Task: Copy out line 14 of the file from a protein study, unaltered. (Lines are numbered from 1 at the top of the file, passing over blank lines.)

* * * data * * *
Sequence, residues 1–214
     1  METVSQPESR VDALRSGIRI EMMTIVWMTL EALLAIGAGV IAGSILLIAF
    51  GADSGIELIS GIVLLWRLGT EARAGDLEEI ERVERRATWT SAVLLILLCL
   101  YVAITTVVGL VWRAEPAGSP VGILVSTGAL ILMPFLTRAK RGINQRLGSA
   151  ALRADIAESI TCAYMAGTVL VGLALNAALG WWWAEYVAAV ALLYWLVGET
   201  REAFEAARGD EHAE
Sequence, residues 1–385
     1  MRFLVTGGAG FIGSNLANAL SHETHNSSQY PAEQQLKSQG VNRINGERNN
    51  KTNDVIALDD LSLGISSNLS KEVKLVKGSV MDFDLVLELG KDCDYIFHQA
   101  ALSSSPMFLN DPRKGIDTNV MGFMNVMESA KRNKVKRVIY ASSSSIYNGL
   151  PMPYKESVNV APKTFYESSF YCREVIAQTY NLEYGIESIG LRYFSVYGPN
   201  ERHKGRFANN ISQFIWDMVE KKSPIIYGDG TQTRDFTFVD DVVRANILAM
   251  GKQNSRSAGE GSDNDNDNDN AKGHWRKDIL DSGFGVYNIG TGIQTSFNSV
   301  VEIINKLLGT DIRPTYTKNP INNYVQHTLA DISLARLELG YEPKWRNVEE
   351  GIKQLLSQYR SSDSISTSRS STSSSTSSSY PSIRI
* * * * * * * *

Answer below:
   301  VEIINKLLGT DIRPTYTKNP INNYVQHTLA DISLARLELG YEPKWRNVEE